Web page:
If you're using wine to cook with it's okay to use cheap wine but make sure you choose one you'd want to drink, stay away from anything that says cooking wine on the label. There are 2 reasons for this, first whatever flavours are in the wine are going to be intensified when you cook with it, also when cooking with wine you're a fool not to have a glass, so try and pick something cheap you'll enjoy and that matches the flavour profile you're trying to create.
Once you've added your liquid, whether wine, soup stock, water or something else leave the heat at medium until it starts to bubble; then turn it down to low and allow to simmer for about 20 minute. While you're veggies are simmering you can start to think about spice and seasoning, I tend to leave salt for last because many seasonings contain some level of salt and you don't want to over do it. I usually like to start by throwing in some finely chopped fresh dill, parsley and cilantro, if I have it handy fresh chives can be nice also. If I'm going for an asian feel I might add soy sauce or another asian style sauce. I sometimes like to add Old Bay seasoning, this Southern favorite tastes great in soups, white or black pepper can also add some zing to a soup, as can smoke paprika. If you're looking for more heat then that get some hot peppers, I like those little red chillies from Thailand, but you can use any chillies you really like here depending on the heat level you're looking for.
Finally we need to think about salt, before you add any salt taste your stock so far, some vegetables contain a fair amount of salt also if you've use soy sauce, vegetable stock or Old Bay seasoning those will have added their own salt. Now add salt in small amounts, stir in thoroughly and taste again before adding more salt until you're satisfied with the flavour. Now let it simmer for another 10-15 minutes, at this point you have a terrific veggie stew, with a nice broth and you can happily serve it just like that, but what I like to do at this stage is grab my blender. Blending will bring all your flavours together and make every bite a filling delicious mix. I find it usually take 3 to 5 minutes of blending to get the consistency I like, but your results may vary depending on your blender and whether you want to blend it smooth or you want it a little chunky.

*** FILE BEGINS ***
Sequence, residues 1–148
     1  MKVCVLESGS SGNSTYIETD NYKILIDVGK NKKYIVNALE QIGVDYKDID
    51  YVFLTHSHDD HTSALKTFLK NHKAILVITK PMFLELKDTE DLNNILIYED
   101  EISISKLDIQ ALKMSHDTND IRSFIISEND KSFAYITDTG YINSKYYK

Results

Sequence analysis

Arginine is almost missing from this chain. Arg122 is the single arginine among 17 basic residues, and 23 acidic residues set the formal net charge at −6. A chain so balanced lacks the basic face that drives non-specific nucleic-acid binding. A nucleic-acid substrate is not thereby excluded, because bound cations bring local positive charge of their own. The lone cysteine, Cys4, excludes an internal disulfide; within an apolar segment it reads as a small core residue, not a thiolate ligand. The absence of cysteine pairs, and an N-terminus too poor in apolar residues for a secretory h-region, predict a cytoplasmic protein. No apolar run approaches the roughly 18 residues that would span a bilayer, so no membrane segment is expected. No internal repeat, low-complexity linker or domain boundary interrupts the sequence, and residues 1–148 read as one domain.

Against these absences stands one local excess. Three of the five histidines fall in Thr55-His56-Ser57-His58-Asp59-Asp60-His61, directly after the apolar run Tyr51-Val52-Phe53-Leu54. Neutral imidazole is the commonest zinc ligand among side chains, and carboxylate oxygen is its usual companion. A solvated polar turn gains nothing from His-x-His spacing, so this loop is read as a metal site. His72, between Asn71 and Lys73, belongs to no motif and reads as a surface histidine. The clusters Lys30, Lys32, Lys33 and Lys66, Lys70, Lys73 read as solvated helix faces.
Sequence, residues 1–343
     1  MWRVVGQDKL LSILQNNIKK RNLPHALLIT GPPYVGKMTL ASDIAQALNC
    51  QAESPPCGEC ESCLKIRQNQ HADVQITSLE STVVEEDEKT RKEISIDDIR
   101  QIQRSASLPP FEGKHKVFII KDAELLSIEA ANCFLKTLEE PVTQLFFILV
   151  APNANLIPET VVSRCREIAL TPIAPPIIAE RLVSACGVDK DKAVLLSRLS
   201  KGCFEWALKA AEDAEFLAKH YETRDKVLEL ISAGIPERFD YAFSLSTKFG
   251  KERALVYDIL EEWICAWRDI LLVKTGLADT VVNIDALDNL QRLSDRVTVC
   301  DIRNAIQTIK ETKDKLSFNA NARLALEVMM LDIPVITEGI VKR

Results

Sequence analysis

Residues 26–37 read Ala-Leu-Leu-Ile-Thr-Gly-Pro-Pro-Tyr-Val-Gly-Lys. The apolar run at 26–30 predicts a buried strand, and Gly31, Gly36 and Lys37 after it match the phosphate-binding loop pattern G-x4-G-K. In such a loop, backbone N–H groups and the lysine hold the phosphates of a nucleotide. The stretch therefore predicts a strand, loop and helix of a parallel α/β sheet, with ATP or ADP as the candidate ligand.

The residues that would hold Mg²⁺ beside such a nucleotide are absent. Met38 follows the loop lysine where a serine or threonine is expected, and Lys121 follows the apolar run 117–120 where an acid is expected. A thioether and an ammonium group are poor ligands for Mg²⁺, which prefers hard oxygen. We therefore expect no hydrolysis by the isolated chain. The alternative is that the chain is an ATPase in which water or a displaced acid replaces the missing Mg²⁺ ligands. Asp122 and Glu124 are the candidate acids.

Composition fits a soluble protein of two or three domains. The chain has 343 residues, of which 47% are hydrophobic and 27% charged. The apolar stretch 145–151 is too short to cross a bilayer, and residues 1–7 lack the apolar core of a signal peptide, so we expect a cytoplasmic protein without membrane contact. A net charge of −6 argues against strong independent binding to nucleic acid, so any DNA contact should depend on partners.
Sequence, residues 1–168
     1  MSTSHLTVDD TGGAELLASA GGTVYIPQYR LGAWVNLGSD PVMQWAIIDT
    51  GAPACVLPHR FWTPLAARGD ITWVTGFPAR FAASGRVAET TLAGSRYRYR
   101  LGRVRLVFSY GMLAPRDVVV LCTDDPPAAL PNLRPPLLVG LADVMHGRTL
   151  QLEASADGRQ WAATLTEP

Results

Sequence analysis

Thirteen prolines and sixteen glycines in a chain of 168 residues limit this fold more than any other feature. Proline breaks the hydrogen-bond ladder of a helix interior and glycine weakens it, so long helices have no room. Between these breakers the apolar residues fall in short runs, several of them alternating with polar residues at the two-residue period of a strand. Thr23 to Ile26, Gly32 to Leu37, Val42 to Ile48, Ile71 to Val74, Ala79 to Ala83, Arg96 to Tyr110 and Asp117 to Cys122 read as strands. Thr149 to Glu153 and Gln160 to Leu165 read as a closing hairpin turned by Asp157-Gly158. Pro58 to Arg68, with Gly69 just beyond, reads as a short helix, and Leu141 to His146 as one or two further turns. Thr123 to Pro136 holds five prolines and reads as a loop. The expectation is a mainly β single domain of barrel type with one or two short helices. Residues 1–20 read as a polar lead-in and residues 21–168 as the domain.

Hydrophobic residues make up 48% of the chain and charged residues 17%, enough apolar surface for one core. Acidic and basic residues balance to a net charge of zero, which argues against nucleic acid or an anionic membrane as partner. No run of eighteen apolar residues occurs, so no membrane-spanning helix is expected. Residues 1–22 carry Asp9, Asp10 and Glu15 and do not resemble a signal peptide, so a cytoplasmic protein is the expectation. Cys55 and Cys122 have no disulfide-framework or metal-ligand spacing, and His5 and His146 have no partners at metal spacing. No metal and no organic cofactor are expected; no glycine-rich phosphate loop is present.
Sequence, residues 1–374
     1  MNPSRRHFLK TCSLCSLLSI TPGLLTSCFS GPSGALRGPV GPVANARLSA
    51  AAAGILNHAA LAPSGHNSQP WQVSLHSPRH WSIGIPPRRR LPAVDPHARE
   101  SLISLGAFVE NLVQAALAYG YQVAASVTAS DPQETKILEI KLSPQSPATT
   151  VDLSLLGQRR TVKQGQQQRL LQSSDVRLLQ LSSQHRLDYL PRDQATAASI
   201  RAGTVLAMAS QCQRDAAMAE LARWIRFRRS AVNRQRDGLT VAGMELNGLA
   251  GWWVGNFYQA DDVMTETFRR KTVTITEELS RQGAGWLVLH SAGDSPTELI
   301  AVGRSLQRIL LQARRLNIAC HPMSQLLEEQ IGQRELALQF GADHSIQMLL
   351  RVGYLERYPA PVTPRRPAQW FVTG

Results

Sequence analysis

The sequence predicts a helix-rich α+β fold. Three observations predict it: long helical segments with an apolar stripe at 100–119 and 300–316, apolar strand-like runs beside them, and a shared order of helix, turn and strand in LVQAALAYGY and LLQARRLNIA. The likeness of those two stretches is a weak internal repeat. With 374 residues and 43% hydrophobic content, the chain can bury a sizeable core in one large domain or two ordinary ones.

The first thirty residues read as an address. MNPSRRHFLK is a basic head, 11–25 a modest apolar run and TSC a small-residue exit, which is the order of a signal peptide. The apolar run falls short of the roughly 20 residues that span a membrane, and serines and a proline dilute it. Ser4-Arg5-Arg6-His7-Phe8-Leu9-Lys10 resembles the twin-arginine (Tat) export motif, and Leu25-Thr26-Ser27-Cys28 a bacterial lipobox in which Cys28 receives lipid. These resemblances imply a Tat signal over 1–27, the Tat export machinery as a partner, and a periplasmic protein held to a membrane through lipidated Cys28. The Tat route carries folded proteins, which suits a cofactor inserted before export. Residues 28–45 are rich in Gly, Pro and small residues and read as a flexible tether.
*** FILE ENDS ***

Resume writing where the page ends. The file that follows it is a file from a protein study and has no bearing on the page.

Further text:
After that it's just a matter of of serving, once you get you soup in a bowl you may want to do a little something to finish the dish, if you're serving vegans I suggest some finely chopped parsley or cilantro, for others maybe some cheese or even a few bacon bits or if you're me all of the above.
This isn't the only way to make a great veggie soup of course and there are lot's of great variation, but this guide should get you started on the road to some great soups, I hope some of you will be inspired to come up with your own great soups.
Tell us in comments about you favorite soups and recipe creation.